Scleral Lens Primer: Part 1
Scleral Lens Primer: Part 1
By Edward S. Bennett, OD, MSEd, FAAO, & Christopher Gilmartin, OD
The new generation of scleral lenses is increasingly popular. This first part of a two-part series from Christopher Gilmartin, OD, will focus on scleral lens fitting principles.
1. Lens Vault It is important for the lens to completely vault the cornea while aligning with the bulbar conjunctiva.
2. Overall Diameter Selection In general, larger lenses can hold more fluid in the corneal chamber and tend to be more forgiving, allowing for more clearance over the cornea. For highly irregular corneas, choose a larger mini-scleral design if possible.
3. Initial Trial Lens Selection Follow the manufacturer's fitting guide or try a more simple approach: standing beside the patient, look at the corneal profile. If it is very steep, choose a steeper base curve. If flat, choose a flatter base curve. If average, choose an average base curve. These lenses are fit based on sagittal height, so this method can be very effective when used properly.
4. Examine the Central Clearance With an optic section at high illumination and medium magnification, set the slit lamp housing off axis and sweep from limbus to limbus. You'll see several layers in cross section. The outermost (dark black) band is the lens. The dark area is straddled by two hairline reflections that arise from the front and back surface of the lens. Compare this layer to the (green) tear lens.
Apply diagnostic lenses until you achieve an acceptable central clearance value. Your fitting set will provide acceptable ranges, which vary among designs.
Note that the lens will settle onto the conjunctiva over a 30- to 40-minute period, with full settling after several hours. This will decrease the corneal vault and possibly result in touch in an area that was vaulted upon initial lens application.
A diagnostic lens that shows grossly excessive vaulting of the central cornea initially should be removed and replaced with a flatter base curve. However, if the corneal vault is only mildly excessive upon initial trial lens application, allow the lens to settle because it may yield an acceptable corneal vault after settling.
5. Corneal and Peripheral Fitting Relationships Examine the entire corneal chamber (central fit) under diffuse cobalt blue and high illumination. Note any areas of bearing. If acceptable central clearance is present with a standard geometry trial lens but bearing is observed in the midperipheral or peripheral cornea, you can employ a reverse geometry design to vault over the areas of touch/bearing. Compensatory flattening of the base curve may be required to avoid excessive central clearance. Alternatively, you can use a reverse geometry fitting set to avoid this step. The peripheral or scleral portion of the lens should align with the bulbar conjunctiva. Blanching of the conjunctival blood vessels indicates the scleral curve(s) may be too tight; therefore, flatten the peripheral curve associated with the area of blanching. Excessive movement and/or bubble formation after lens application may indicate that the peripheral curve(s) needs to be steeper.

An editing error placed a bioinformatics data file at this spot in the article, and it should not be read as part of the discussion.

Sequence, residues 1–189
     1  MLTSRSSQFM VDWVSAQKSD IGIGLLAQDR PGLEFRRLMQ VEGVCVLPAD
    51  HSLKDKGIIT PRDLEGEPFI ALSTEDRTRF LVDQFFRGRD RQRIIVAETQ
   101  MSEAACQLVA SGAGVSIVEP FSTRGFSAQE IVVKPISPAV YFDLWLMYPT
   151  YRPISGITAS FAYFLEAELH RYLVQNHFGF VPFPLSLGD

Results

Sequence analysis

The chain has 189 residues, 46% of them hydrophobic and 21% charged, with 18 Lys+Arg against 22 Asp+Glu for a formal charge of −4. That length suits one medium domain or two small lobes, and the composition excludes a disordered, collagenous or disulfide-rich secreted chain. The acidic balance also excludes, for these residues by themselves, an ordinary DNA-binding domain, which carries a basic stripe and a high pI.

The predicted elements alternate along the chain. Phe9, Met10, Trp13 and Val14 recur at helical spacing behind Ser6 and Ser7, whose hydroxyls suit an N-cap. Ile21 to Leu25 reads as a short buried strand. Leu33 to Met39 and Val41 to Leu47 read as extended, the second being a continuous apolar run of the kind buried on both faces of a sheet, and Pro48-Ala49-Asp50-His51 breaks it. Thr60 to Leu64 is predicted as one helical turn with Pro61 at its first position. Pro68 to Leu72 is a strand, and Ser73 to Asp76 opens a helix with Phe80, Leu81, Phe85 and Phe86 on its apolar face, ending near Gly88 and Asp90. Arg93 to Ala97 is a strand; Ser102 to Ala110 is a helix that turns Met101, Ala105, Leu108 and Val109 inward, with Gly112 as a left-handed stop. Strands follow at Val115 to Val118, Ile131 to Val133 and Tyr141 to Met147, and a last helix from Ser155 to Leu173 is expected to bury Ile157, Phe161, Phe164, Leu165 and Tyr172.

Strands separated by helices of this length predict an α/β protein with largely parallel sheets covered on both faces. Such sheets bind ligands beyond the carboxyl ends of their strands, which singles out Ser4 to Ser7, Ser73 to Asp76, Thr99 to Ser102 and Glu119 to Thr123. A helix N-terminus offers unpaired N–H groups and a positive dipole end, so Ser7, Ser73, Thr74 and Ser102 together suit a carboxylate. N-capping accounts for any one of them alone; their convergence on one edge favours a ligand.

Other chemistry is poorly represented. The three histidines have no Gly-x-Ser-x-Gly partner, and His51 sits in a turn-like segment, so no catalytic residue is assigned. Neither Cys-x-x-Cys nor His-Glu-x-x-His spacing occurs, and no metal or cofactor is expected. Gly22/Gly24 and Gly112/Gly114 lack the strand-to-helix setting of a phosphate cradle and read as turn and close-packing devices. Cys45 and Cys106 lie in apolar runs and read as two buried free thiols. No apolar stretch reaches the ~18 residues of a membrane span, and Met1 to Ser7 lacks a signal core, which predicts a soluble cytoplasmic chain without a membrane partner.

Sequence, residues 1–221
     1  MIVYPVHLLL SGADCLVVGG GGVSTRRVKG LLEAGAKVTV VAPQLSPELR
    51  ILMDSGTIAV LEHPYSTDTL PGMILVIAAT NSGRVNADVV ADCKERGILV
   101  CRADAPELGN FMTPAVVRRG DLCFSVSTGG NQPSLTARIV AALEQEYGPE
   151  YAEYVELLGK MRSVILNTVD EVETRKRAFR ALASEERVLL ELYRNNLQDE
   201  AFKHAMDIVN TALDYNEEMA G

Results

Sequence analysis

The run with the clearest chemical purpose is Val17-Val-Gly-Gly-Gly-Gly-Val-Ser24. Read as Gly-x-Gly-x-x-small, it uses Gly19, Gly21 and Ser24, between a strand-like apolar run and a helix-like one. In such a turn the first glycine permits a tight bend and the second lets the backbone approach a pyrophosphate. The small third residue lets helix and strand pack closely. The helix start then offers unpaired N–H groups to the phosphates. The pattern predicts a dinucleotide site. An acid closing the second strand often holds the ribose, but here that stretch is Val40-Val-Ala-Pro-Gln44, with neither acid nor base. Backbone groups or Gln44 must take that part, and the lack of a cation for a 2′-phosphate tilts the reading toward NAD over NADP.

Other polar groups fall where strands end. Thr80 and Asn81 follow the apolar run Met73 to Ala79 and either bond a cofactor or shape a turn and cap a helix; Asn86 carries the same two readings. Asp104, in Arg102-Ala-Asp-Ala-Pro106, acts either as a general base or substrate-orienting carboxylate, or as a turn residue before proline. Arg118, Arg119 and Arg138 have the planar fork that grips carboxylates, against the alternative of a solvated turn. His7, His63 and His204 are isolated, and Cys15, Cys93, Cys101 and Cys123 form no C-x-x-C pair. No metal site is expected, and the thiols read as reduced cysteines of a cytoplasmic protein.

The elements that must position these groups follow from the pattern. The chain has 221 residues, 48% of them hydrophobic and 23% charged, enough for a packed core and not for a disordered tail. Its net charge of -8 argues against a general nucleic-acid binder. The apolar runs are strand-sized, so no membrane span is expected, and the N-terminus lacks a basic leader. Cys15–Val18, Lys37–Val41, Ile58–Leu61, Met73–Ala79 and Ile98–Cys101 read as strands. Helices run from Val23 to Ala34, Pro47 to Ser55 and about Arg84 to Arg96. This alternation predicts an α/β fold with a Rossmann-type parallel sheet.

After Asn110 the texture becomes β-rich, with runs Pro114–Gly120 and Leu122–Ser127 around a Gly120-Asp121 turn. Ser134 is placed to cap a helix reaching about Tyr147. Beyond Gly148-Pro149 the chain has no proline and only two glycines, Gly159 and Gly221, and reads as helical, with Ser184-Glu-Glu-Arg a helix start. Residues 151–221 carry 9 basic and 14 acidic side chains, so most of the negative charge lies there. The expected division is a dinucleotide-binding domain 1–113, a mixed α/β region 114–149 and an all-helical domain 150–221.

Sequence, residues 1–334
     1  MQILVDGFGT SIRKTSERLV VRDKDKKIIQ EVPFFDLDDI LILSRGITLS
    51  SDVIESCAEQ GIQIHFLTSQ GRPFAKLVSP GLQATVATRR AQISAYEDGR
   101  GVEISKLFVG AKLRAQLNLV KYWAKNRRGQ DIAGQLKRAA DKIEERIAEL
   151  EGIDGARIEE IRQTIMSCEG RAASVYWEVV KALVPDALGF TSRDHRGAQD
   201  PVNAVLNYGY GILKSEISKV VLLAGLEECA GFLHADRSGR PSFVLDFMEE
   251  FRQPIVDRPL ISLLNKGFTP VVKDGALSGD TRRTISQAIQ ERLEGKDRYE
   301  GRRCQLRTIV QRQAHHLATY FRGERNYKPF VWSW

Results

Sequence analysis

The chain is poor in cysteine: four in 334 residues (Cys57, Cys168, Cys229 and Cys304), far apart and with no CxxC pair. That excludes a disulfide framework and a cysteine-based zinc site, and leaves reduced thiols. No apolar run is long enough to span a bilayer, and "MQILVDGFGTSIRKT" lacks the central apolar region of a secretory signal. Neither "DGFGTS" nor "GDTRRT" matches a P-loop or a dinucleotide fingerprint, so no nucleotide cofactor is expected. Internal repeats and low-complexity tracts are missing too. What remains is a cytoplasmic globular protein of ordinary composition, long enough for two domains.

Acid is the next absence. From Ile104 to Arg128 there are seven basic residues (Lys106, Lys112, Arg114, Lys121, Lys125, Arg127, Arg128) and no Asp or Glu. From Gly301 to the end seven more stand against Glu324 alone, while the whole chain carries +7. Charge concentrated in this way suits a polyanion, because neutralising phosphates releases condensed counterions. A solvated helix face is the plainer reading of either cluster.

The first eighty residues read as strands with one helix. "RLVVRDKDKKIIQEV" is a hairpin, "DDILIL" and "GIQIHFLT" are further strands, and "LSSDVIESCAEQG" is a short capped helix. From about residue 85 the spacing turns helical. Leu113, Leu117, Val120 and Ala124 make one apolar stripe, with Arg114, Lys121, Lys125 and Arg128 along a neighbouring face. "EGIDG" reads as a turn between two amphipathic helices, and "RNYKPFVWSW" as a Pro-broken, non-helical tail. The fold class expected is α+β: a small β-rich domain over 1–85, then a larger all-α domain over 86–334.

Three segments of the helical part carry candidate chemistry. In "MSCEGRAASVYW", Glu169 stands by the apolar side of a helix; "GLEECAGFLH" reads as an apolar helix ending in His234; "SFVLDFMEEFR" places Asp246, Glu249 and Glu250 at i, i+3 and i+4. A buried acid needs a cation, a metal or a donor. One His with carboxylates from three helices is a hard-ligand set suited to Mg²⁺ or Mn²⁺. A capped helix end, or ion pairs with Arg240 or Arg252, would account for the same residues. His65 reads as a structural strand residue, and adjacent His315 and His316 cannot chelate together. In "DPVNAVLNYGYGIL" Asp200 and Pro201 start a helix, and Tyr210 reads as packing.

6. Check for Tear Exchange Proper tear exchange must be demonstrated before dispensing. Apply the lens without fluorescein in the filling media. After the lens has been properly applied, instill a generous amount of fluorescein dye over the top of the lens with a dye strip. Periodically examine the tear lens and check for dye that has made its way behind the lens into the tear chamber. After several minutes, there should be at least a small amount of dye in the tear lens.
Tear exchange does not need to be rapid, but it is critical for a proper fit. If you test for tear exchange and see no fluorescein in the corneal chamber after waiting for several minutes, you may need to flatten the peripheral fit or increase the overall diameter. CLS
Dr. Bennett is an associate professor of optometry at the University of Missouri-St. Louis and is executive director of the GP Lens Institute. You can reach him at email@example.com. Dr. Gilmartin is a graduate of Southern California College of Optometry and is a clinical resident in the Cornea and Contact Lens service at the University of Missouri-St. Louis College of Optometry. Contact him at firstname.lastname@example.org.
Contact Lens Spectrum, Issue: October 2010